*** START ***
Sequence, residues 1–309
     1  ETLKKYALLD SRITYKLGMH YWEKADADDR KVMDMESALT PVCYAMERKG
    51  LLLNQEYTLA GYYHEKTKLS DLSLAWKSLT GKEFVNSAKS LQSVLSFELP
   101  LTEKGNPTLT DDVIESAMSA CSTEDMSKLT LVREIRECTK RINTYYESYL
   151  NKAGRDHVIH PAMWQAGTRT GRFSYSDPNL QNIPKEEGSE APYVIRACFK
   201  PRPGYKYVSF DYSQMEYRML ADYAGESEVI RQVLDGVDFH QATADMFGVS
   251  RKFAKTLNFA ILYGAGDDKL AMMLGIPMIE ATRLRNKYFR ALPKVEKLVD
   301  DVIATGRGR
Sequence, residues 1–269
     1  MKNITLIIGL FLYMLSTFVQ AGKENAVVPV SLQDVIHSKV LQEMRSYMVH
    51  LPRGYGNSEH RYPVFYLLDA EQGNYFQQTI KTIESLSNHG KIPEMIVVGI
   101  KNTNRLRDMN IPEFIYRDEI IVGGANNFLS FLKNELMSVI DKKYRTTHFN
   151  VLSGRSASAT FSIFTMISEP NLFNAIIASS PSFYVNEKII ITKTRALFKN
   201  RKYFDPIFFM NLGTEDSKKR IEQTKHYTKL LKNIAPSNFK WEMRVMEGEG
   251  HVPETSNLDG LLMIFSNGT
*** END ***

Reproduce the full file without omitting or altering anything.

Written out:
Sequence, residues 1–309
     1  ETLKKYALLD SRITYKLGMH YWEKADADDR KVMDMESALT PVCYAMERKG
    51  LLLNQEYTLA GYYHEKTKLS DLSLAWKSLT GKEFVNSAKS LQSVLSFELP
   101  LTEKGNPTLT DDVIESAMSA CSTEDMSKLT LVREIRECTK RINTYYESYL
   151  NKAGRDHVIH PAMWQAGTRT GRFSYSDPNL QNIPKEEGSE APYVIRACFK
   201  PRPGYKYVSF DYSQMEYRML ADYAGESEVI RQVLDGVDFH QATADMFGVS
   251  RKFAKTLNFA ILYGAGDDKL AMMLGIPMIE ATRLRNKYFR ALPKVEKLVD
   301  DVIATGRGR
Sequence, residues 1–269
     1  MKNITLIIGL FLYMLSTFVQ AGKENAVVPV SLQDVIHSKV LQEMRSYMVH
    51  LPRGYGNSEH RYPVFYLLDA EQGNYFQQTI KTIESLSNHG KIPEMIVVGI
   101  KNTNRLRDMN IPEFIYRDEI IVGGANNFLS FLKNELMSVI DKKYRTTHFN
   151  VLSGRSASAT FSIFTMISEP NLFNAIIASS PSFYVNEKII ITKTRALFKN
   201  RKYFDPIFFM NLGTEDSKKR IEQTKHYTKL LKNIAPSNFK WEMRVMEGEG
   251  HVPETSNLDG LLMIFSNGT